Claim: Thousands Of Christians, Laity And Priests Alike, Murdered By Ethiopia And Eritrea At Church In Tigray Fighting has been closely monitoring the Tigray situation because, as I have noted, I believe that it has the potential to be used for a Bosnian-1994 style conflict by the Biden administration for the further realization of US and NATO policy, eventually culminating in a major global war. Ethiopia, historically divided between the US and Russia, could find herself ripped apart in the name of ‘protecting human rights’ in what is not about human rights, but a power contest to re-assert the old European empires on a global level.

According to an article from the Christian Post, it is being reported that thousands of Christians, priests and laity alike, may have been massacred by Ethiopean and Eritrean forces in the Tigray conflict.

It is now believed that thousands, not just hundreds, of civilians, including priests and Sunday school children, were killed in the war-torn and predominantly-Christian region of Tigray in northern Ethiopia since last November as survivors have described the brutal killings they witnessed.

Organizations, including Amnesty International, CNN and Sky News, have published investigations into massacres committed against civilian populations in the Tigray region. Fighting began after the Tigray People’s Liberation Front attacked an Army base as part of an uprising in the region, which sparked military responses from Ethiopian forces joined by defense forces from neighboring Eritrea.

Priests, old men, women, entire families and a group of more than 20 Sunday school children, some as young as 14, were among the thousands killed in the Tigray region by soldiers from Ethiopia and Eritrea, according to eyewitnesses and family members who spoke with CNN.

In one instance of violence, hundreds of people were hiding in Maryam Tsiyon Church in Axum city, which is said to contain the Ark of the Covenant described in the book of Exodus, on Nov. 28.

In another attack, witnesses say Eritrean soldiers opened fire on the Maryam Dengelat Church, where hundreds of believers celebrated mass. Although many tried to flee on foot to neighboring villages, troops were said to have chased after them.

The massacre was said to have continued for three days as soldiers went house to house, dragging people from their homes and slaughtering residents.

The witnesses who spoke with CNN alleged that mothers were forced to tie up their sons in some cases.

CNN’s investigation included interviews with over 12 eyewitnesses and over 20 relatives of victims.

A pregnant woman was shot, her husband killed, and some survivors hid under the dead bodies, CNN further noted.

In a Feb. 26 report, Amnesty International reported that satellite images of mass graves in Axum suggested that hundreds of unarmed civilians were methodically hunted down and killed. Amnesty interviewed 41 survivors and witnesses to mass killings in November.

The massacre resulted in bodies being littered across the streets and plazas of Axum.

“I saw a lot of people dead on the street,” one 21-year-old male resident told Amnesty. “Even my uncle’s family. Six of his family members were killed. So many people were killed.”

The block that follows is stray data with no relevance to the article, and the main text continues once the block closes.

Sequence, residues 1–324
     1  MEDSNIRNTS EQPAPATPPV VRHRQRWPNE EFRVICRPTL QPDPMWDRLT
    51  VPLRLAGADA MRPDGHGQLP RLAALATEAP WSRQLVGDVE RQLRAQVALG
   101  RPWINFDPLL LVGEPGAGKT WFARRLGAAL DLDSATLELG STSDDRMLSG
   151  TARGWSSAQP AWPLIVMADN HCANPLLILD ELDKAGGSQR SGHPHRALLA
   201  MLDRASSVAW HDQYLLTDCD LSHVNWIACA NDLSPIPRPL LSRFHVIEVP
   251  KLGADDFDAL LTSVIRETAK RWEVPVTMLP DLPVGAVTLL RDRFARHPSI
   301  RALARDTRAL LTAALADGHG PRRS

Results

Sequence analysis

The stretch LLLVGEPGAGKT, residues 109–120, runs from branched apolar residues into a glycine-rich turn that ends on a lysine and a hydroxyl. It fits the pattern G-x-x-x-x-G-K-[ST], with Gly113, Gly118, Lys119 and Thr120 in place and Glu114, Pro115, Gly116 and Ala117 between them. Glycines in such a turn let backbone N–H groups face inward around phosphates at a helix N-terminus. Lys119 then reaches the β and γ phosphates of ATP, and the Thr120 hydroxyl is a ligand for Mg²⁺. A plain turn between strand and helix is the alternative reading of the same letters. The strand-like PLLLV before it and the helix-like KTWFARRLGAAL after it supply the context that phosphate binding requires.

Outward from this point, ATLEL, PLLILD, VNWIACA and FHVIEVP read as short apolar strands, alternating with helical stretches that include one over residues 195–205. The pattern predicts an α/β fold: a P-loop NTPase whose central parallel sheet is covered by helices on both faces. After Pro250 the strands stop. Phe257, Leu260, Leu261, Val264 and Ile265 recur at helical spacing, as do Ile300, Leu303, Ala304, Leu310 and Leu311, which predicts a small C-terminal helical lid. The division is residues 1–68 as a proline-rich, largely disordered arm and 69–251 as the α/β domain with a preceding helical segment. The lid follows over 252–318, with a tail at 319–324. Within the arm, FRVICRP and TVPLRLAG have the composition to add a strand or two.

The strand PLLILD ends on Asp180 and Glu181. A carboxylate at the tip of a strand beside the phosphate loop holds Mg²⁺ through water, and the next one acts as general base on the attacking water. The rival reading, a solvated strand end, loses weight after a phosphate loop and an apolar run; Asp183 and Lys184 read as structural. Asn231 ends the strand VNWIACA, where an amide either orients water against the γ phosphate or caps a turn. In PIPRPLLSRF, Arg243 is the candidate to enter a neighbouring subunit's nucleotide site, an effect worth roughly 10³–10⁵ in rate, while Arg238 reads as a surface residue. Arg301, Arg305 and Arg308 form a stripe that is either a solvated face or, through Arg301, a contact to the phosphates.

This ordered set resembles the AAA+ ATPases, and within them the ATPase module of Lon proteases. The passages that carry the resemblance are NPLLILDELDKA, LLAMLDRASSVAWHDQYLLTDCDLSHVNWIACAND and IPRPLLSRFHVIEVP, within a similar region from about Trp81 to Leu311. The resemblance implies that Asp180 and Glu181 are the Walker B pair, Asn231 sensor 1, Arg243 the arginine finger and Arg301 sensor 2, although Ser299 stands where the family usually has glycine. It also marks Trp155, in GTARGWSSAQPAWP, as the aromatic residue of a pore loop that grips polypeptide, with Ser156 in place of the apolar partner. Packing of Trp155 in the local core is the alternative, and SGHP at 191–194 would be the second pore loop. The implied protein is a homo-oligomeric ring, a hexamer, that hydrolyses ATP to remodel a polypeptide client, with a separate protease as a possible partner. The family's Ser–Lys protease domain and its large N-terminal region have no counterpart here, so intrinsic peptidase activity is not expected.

Witnesses told CNN that the soldiers didn’t allow burials to occur until Dec. 2 and threatened to kill anyone they saw mourning.

A local man named Abraham, who volunteered to bury the dead under the watchful eyes of the troops, sorted through the bodies of children and teenagers, the news network reported.

He collected identity cards, made notes about their clothing or hairstyle and placed their shoes on top of the burial mounds so that their relatives could later identify the bodies. Some, he said, were unrecognizable as they had been shot in the face.

Abraham alone buried more than 50 people, including a 15-year-old named Yohannes Yosef.

“Their hands were tied … young children … we saw them everywhere,” Abraham was quoted as saying. “There was an elderly man who had been killed on the road, an 80-something-year-old man. And the young kids they killed on the street in the open. I’ve never seen a massacre like this, and I don’t want to [again].”

“We only survived by the grace of God,” he added. (source)

I am not saying this did not happen. I am also not saying that it happened as presented. Rather, I am being extremely cautious about this, because the situation is more than just a Christian issue. It is a political one, and Christians have a long history in recent times of being dragged into and used as political pawns for the interests of people who do not care about them, and then being thrown away when it is no longer expedient to talk about their problems any more.

Horrible violence is not new. Neither is persecution. However, in this case, the political situation of Ethiopia and Eritrea could be selectively reported on in order to build support against both nations and for Tigray, which has served as a NATO proxy for decades. A result of this could be to justify ‘humanitarian intervention’ into the area, which would result most likely in a Balkan-style conflict, pushing out Russian influence in the region but at the expense of other massacres and deaths that will be attributed to ‘mistakes made’ and no actual problem resolved because it was the problems that were desired so they can be used to justify further political manipulation as a solution.

The situation in Tigray must be watched closely, as it is dangerously unstable and could explode into something terrible with even a slight amount of external force put on her.

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